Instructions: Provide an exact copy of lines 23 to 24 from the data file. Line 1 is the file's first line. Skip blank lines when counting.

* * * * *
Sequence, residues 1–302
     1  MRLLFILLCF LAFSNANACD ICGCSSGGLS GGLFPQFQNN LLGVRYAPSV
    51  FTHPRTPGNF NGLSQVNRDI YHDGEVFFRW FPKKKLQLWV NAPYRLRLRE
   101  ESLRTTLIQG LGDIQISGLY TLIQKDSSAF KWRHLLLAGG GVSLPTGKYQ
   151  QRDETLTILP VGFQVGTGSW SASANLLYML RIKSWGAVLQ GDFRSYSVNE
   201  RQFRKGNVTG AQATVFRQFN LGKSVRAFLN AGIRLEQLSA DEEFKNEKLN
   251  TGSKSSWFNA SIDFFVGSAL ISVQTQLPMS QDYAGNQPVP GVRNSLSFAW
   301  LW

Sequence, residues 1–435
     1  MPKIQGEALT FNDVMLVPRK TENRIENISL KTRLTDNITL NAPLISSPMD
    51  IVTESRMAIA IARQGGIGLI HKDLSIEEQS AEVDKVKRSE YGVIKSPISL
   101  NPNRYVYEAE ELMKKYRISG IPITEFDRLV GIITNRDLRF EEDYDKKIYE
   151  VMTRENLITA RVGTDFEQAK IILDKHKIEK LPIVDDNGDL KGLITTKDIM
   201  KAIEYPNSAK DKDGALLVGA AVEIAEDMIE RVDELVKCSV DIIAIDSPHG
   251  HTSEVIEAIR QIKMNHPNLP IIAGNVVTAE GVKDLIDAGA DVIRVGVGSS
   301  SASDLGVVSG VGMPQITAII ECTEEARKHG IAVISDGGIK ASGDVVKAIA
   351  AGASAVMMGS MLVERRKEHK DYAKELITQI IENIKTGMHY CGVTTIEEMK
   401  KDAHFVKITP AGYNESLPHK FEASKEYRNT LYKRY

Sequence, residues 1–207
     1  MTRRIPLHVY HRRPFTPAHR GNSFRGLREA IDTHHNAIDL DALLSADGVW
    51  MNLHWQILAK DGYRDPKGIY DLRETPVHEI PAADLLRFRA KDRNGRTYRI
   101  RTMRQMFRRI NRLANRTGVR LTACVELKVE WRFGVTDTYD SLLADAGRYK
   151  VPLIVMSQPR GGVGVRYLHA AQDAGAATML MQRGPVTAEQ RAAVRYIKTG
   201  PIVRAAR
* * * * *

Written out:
   151  VPLIVMSQPR GGVGVRYLHA AQDAGAATML MQRGPVTAEQ RAAVRYIKTG
   201  PIVRAAR